Photo Credit: Tina Ramujkić

Gorazd Čad


The genuine human need for meeting and getting together is at the heart of event organising. For this reason, the objectives of events are closely connected to participant satisfaction. We exist because of participants, and we must know how to measure their satisfaction. This largely depends on the chemistry between event organisers and participants. Because participant satisfaction is specific, we have dedicated an entire chapter to it.


When event organising brings you happiness, unique energy is born with it. We are like performers in theatres, and we cannot fake our hugs, kisses or meetings. Similar to acting, event organising has to be felt, understood and lived. Time and time again, we search for on-stage chemistry. Participants can feel this, as they are attracted by the scent of events and their surroundings and united by human closeness. Brave and authentic stories always win. A full-breed event organiser speaks with their soul and body and leaves their heart on the stage. In other words, event organising is similar to love at first sight. Because it is as complex as it is, it is, in a way, daring of us to define and play with such emotions. In this chapter, we will delve into how this works in practice.

Photo: Conventa Crossover


The satisfaction and happiness of participants or clients are crucial to event organisers. It radically influences the success and contributes to the final ROI, which we discuss in detail in chapter 13. The task of event organisers is primarily to notice and understand the needs of participants and clients, who are becoming more and more demanding. Measuring happiness is subjective and differs from calculated and rational added value. We cannot measure it precisely, as it is defined primarily by psychological and emotional feelings and trust.

Event participants commonly evaluate success through two intertwining aspects:

Technical quality includes satisfaction with content, technical delivery and event logistics. All of these factors are key for satisfied event participants.

Functional quality is subjective and is related to emotions. It is a challenge to evaluate or measure it, as it is defined by the psychological and emotional perception of an individual.

In practice, brilliant technical quality can be depreciated by the inadequate functional quality of an event or vice versa. Creating happiness and satisfying participants is a never-ending process. In this regard, event organising is similar to professional sport. Luckily, though, event participants show their luck at the event itself. The applause, gratitude from participants and other forms of feedback are instant. Albeit, it is smart to complement the responses with a survey at the event. In our experience, the results of such surveys are more relevant compared to surveys conducted after the event. The technical part of an event impacts the after-event experience.

There are no shortcuts that I am aware of in this field, except for hard work and persistence. Only in combination with the exchange of valuable knowledge, cooperation and cohesion can we see our objectives come to fruition. If an organiser is good at event chemistry, then, when we add participants, miracles can happen.


Events are primarily focused on experience quality. Therefore, understanding the emotional dimension is just as important as understanding its rational counterpart. An event exists only when it is made for participants. When participants perceive events as inspiring, educational, creative or provocative, the result will be pleased and happy participants.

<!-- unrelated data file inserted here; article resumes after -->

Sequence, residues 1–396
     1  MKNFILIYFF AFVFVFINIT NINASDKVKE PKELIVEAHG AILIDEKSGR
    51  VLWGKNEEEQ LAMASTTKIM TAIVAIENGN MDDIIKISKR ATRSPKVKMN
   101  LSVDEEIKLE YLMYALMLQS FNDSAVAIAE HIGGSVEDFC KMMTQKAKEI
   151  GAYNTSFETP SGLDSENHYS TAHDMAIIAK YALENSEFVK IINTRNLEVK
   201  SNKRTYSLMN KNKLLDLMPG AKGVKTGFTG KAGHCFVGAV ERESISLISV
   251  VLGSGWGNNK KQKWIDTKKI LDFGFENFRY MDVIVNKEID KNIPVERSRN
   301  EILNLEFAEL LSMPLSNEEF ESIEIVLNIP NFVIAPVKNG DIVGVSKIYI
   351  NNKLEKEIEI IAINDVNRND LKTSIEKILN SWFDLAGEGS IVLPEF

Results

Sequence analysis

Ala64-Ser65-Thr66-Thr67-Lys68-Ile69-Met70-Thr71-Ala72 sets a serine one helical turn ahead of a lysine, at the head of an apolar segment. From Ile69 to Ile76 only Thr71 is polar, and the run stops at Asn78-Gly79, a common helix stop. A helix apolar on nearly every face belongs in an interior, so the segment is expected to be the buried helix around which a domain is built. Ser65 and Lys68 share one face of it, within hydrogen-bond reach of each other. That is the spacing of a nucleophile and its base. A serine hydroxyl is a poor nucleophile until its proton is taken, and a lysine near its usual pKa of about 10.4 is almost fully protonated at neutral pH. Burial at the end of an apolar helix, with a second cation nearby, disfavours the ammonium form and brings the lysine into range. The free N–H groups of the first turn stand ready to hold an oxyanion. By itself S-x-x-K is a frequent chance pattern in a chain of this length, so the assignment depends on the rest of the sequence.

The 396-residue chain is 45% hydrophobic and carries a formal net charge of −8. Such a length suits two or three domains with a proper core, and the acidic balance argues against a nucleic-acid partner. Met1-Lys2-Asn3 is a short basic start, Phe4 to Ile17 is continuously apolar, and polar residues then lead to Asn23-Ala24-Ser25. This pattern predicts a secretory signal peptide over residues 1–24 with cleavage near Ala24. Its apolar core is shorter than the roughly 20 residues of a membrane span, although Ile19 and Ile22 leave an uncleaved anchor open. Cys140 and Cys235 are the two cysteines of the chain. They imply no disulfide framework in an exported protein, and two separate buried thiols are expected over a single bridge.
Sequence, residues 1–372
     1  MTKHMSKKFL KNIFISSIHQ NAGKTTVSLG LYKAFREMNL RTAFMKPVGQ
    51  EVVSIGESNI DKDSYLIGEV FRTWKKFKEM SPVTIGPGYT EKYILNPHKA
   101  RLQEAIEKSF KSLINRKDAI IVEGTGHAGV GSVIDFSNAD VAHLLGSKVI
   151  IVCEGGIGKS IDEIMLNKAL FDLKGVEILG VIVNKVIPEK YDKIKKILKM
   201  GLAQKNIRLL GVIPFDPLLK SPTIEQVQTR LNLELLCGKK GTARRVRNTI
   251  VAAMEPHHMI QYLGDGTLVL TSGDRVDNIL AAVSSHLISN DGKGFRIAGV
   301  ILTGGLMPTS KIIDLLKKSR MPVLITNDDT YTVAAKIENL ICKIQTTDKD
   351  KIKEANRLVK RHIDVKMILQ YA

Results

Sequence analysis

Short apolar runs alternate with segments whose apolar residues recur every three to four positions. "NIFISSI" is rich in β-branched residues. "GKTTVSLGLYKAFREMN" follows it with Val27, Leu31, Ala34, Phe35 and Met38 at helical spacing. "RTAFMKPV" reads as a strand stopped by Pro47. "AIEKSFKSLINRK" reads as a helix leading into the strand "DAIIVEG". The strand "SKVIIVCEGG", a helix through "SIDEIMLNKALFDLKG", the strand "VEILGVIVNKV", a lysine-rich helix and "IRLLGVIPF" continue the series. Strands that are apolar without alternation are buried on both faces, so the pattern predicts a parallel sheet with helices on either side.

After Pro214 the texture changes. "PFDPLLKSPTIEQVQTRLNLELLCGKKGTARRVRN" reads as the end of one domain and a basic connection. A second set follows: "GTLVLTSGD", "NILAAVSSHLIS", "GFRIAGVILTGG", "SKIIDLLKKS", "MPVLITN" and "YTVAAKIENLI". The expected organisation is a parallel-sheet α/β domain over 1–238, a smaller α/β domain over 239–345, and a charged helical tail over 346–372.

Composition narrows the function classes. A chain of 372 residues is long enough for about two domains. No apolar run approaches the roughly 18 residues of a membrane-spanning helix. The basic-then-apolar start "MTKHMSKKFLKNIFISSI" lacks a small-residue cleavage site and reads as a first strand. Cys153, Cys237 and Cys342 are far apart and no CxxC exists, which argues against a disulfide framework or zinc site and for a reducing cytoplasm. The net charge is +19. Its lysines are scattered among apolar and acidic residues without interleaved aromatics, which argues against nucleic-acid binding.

The question of how to measure satisfaction at events arises. When trying to evaluate this, we use a slightly adapted SERVQUAL model (Parasuraman, Zethalm, Berry). The model is based on a simple comparison of expectations and impressions of participants. We use the model as a survey, which we conduct every year at our annual B2B conference Conventa. The results are then compared to trends and expressed as the difference between expectations and impressions. The advantage of the SERVQUAL model is its practicality and versatility when evaluating the quality of various activities. The evaluation revolves around the five-step Likert scale (1 strongly disagree/2 disagree/3 neither agree nor disagree/4 agree/5 strongly agree).

The evaluation includes six stages:


1.1. Event website(s) is user-friendly
1.2. Event website(s) are regularly updated
1.3. Social media pages and profiles of an event are frequently updated
1.4. The event registration process is simple
1.5. The price policy of an event is clear


2.1. Respecting the deadline
2.2. Prompt replies to participants
2.3. Genuine interest in solving participants’ problems
2.4. Participants are given correct and exact information
2.5. Guidance and help are available to participants throughout all event platforms


3.1. All event information is easily accessible
3.2. The organisers reply within 24 hours
3.3. The organisers are always prepared to help participants
3.4. Communication with participants is cordial and effective
3.5. The organisers are available to answer participants’ calls


4.1. Participants can trust the organisers
4.2. The organisers are always polite to participants
4.3. The organisers have the necessary knowledge and experience in organising
4.4. Online payments are trustworthy
4.5. Event recommendations are positive


5.1. The organisers know and understand the needs of participants well
5.2. The employees are professional
5.3. The interests of participants come first
5.4. The organisers adapt to the more demanding needs of participants
5.5. Working hours are adapted to the schedule of participants


6.1. Quality of the venue and set-up of the event
6.2. Quality of content
6.3. Quality of speakers
6.4. Quality of catering
6.5. Quality of networking

Photo Credit: Marko Delbello Ocepek

The process of conducting surveys is divided into two parts. Firstly, the expectations and secondly, the experience of the event. The gaps between both parts are occupied by the differences between the participants’ expectations and their actual experience of the event.

Based on our experience, the most common types of discrepancies that occur within event organising are:

1. Participant expectations are not coordinated with the organiser’s expectations.
2. The event standards are not in line with the participants’ expectations.
3. Event communication expectations are not on the same level as the event’s.
4. The standard of event execution is much lower than the actual execution.
5. The most classic problem is the difference between the expected and given service.

The results of surveys represent a basis for setting the standards of an event. Expectations are often much higher than the actual quality of an event. However, the methodology allows us to identify and resolve the main problems.